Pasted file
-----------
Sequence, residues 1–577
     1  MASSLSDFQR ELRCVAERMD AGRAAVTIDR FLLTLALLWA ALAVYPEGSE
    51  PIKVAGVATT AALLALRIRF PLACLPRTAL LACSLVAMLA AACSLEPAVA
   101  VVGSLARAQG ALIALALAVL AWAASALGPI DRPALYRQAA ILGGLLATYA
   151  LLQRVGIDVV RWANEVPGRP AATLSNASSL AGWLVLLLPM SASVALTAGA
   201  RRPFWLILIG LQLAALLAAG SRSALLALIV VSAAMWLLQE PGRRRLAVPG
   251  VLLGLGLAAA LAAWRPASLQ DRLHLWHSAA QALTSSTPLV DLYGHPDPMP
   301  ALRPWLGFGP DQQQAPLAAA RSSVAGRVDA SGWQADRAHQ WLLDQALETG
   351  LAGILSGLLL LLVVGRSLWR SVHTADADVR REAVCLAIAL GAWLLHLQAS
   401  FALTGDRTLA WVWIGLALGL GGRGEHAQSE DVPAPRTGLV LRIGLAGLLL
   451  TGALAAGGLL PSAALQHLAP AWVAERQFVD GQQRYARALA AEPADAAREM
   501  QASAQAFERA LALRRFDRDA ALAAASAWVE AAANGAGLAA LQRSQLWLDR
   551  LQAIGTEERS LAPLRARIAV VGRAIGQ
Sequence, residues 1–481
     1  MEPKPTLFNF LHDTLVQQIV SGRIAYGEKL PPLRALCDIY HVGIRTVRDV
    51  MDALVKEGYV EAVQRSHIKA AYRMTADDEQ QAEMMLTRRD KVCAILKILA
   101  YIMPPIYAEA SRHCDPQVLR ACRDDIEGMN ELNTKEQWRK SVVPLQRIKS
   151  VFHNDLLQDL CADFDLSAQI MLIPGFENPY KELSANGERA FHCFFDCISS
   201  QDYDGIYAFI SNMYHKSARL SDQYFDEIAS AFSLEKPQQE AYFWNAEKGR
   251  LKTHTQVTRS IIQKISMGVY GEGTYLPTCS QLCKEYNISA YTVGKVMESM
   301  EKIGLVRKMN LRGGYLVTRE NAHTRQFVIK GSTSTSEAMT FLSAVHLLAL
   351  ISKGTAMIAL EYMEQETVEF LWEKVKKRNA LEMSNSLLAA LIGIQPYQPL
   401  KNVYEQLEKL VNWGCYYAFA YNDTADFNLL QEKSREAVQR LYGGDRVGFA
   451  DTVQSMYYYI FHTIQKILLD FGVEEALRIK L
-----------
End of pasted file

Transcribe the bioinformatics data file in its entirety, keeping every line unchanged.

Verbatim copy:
Sequence, residues 1–577
     1  MASSLSDFQR ELRCVAERMD AGRAAVTIDR FLLTLALLWA ALAVYPEGSE
    51  PIKVAGVATT AALLALRIRF PLACLPRTAL LACSLVAMLA AACSLEPAVA
   101  VVGSLARAQG ALIALALAVL AWAASALGPI DRPALYRQAA ILGGLLATYA
   151  LLQRVGIDVV RWANEVPGRP AATLSNASSL AGWLVLLLPM SASVALTAGA
   201  RRPFWLILIG LQLAALLAAG SRSALLALIV VSAAMWLLQE PGRRRLAVPG
   251  VLLGLGLAAA LAAWRPASLQ DRLHLWHSAA QALTSSTPLV DLYGHPDPMP
   301  ALRPWLGFGP DQQQAPLAAA RSSVAGRVDA SGWQADRAHQ WLLDQALETG
   351  LAGILSGLLL LLVVGRSLWR SVHTADADVR REAVCLAIAL GAWLLHLQAS
   401  FALTGDRTLA WVWIGLALGL GGRGEHAQSE DVPAPRTGLV LRIGLAGLLL
   451  TGALAAGGLL PSAALQHLAP AWVAERQFVD GQQRYARALA AEPADAAREM
   501  QASAQAFERA LALRRFDRDA ALAAASAWVE AAANGAGLAA LQRSQLWLDR
   551  LQAIGTEERS LAPLRARIAV VGRAIGQ
Sequence, residues 1–481
     1  MEPKPTLFNF LHDTLVQQIV SGRIAYGEKL PPLRALCDIY HVGIRTVRDV
    51  MDALVKEGYV EAVQRSHIKA AYRMTADDEQ QAEMMLTRRD KVCAILKILA
   101  YIMPPIYAEA SRHCDPQVLR ACRDDIEGMN ELNTKEQWRK SVVPLQRIKS
   151  VFHNDLLQDL CADFDLSAQI MLIPGFENPY KELSANGERA FHCFFDCISS
   201  QDYDGIYAFI SNMYHKSARL SDQYFDEIAS AFSLEKPQQE AYFWNAEKGR
   251  LKTHTQVTRS IIQKISMGVY GEGTYLPTCS QLCKEYNISA YTVGKVMESM
   301  EKIGLVRKMN LRGGYLVTRE NAHTRQFVIK GSTSTSEAMT FLSAVHLLAL
   351  ISKGTAMIAL EYMEQETVEF LWEKVKKRNA LEMSNSLLAA LIGIQPYQPL
   401  KNVYEQLEKL VNWGCYYAFA YNDTADFNLL QEKSREAVQR LYGGDRVGFA
   451  DTVQSMYYYI FHTIQKILLD FGVEEALRIK L